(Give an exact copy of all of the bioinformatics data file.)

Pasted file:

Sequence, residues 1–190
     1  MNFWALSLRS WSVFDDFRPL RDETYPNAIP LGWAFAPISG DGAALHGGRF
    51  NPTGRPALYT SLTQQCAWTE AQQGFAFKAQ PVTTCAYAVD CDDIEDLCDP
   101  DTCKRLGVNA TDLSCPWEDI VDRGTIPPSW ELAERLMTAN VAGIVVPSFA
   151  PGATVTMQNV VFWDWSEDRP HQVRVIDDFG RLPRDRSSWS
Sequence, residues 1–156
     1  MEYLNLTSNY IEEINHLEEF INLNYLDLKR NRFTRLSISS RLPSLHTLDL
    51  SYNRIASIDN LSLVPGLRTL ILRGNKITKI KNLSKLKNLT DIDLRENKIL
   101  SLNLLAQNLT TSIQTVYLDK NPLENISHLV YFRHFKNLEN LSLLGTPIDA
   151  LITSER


Sequence, residues 1–190
     1  MNFWALSLRS WSVFDDFRPL RDETYPNAIP LGWAFAPISG DGAALHGGRF
    51  NPTGRPALYT SLTQQCAWTE AQQGFAFKAQ PVTTCAYAVD CDDIEDLCDP
   101  DTCKRLGVNA TDLSCPWEDI VDRGTIPPSW ELAERLMTAN VAGIVVPSFA
   151  PGATVTMQNV VFWDWSEDRP HQVRVIDDFG RLPRDRSSWS
Sequence, residues 1–156
     1  MEYLNLTSNY IEEINHLEEF INLNYLDLKR NRFTRLSISS RLPSLHTLDL
    51  SYNRIASIDN LSLVPGLRTL ILRGNKITKI KNLSKLKNLT DIDLRENKIL
   101  SLNLLAQNLT TSIQTVYLDK NPLENISHLV YFRHFKNLEN LSLLGTPIDA
   151  LITSER